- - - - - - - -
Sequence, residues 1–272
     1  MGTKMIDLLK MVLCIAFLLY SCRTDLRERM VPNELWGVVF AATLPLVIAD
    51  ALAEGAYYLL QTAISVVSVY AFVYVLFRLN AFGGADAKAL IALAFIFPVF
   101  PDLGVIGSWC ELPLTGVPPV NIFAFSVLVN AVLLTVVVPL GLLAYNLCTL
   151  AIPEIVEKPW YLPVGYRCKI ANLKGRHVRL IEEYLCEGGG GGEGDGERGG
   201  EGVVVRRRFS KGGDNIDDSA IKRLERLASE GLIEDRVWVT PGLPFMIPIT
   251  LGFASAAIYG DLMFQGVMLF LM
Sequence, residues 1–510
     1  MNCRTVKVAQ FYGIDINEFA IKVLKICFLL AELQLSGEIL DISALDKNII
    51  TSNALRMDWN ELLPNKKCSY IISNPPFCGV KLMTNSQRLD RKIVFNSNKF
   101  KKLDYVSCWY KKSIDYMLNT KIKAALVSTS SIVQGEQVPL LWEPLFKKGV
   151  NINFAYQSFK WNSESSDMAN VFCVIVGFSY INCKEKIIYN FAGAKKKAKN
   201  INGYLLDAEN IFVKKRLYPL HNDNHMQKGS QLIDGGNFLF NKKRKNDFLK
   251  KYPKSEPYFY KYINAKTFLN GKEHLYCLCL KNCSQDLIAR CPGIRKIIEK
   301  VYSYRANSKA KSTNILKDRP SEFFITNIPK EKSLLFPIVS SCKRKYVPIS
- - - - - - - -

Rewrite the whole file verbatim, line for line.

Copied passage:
Sequence, residues 1–272
     1  MGTKMIDLLK MVLCIAFLLY SCRTDLRERM VPNELWGVVF AATLPLVIAD
    51  ALAEGAYYLL QTAISVVSVY AFVYVLFRLN AFGGADAKAL IALAFIFPVF
   101  PDLGVIGSWC ELPLTGVPPV NIFAFSVLVN AVLLTVVVPL GLLAYNLCTL
   151  AIPEIVEKPW YLPVGYRCKI ANLKGRHVRL IEEYLCEGGG GGEGDGERGG
   201  EGVVVRRRFS KGGDNIDDSA IKRLERLASE GLIEDRVWVT PGLPFMIPIT
   251  LGFASAAIYG DLMFQGVMLF LM
Sequence, residues 1–510
     1  MNCRTVKVAQ FYGIDINEFA IKVLKICFLL AELQLSGEIL DISALDKNII
    51  TSNALRMDWN ELLPNKKCSY IISNPPFCGV KLMTNSQRLD RKIVFNSNKF
   101  KKLDYVSCWY KKSIDYMLNT KIKAALVSTS SIVQGEQVPL LWEPLFKKGV
   151  NINFAYQSFK WNSESSDMAN VFCVIVGFSY INCKEKIIYN FAGAKKKAKN
   201  INGYLLDAEN IFVKKRLYPL HNDNHMQKGS QLIDGGNFLF NKKRKNDFLK
   251  KYPKSEPYFY KYINAKTFLN GKEHLYCLCL KNCSQDLIAR CPGIRKIIEK
   301  VYSYRANSKA KSTNILKDRP SEFFITNIPK EKSLLFPIVS SCKRKYVPIS